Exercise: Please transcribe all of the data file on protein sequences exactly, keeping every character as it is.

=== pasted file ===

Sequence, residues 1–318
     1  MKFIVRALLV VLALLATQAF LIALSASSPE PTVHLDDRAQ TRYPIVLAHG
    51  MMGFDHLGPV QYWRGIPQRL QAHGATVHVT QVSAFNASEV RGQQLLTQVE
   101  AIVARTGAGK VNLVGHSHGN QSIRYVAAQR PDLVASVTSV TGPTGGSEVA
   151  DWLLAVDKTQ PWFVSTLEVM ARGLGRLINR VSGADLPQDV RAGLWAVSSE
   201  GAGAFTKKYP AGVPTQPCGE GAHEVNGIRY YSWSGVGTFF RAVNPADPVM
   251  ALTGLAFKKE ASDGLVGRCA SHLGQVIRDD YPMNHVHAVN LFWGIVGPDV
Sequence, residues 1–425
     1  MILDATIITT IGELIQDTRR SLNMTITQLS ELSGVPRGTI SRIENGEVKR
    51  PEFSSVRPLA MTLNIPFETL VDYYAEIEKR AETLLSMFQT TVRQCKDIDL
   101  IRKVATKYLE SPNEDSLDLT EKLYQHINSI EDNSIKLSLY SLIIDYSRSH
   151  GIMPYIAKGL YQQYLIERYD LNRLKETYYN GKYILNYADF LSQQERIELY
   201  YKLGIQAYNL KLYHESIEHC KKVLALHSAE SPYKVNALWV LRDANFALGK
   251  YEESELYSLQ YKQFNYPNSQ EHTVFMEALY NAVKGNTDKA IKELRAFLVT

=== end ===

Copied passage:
Sequence, residues 1–318
     1  MKFIVRALLV VLALLATQAF LIALSASSPE PTVHLDDRAQ TRYPIVLAHG
    51  MMGFDHLGPV QYWRGIPQRL QAHGATVHVT QVSAFNASEV RGQQLLTQVE
   101  AIVARTGAGK VNLVGHSHGN QSIRYVAAQR PDLVASVTSV TGPTGGSEVA
   151  DWLLAVDKTQ PWFVSTLEVM ARGLGRLINR VSGADLPQDV RAGLWAVSSE
   201  GAGAFTKKYP AGVPTQPCGE GAHEVNGIRY YSWSGVGTFF RAVNPADPVM
   251  ALTGLAFKKE ASDGLVGRCA SHLGQVIRDD YPMNHVHAVN LFWGIVGPDV
Sequence, residues 1–425
     1  MILDATIITT IGELIQDTRR SLNMTITQLS ELSGVPRGTI SRIENGEVKR
    51  PEFSSVRPLA MTLNIPFETL VDYYAEIEKR AETLLSMFQT TVRQCKDIDL
   101  IRKVATKYLE SPNEDSLDLT EKLYQHINSI EDNSIKLSLY SLIIDYSRSH
   151  GIMPYIAKGL YQQYLIERYD LNRLKETYYN GKYILNYADF LSQQERIELY
   201  YKLGIQAYNL KLYHESIEHC KKVLALHSAE SPYKVNALWV LRDANFALGK
   251  YEESELYSLQ YKQFNYPNSQ EHTVFMEALY NAVKGNTDKA IKELRAFLVT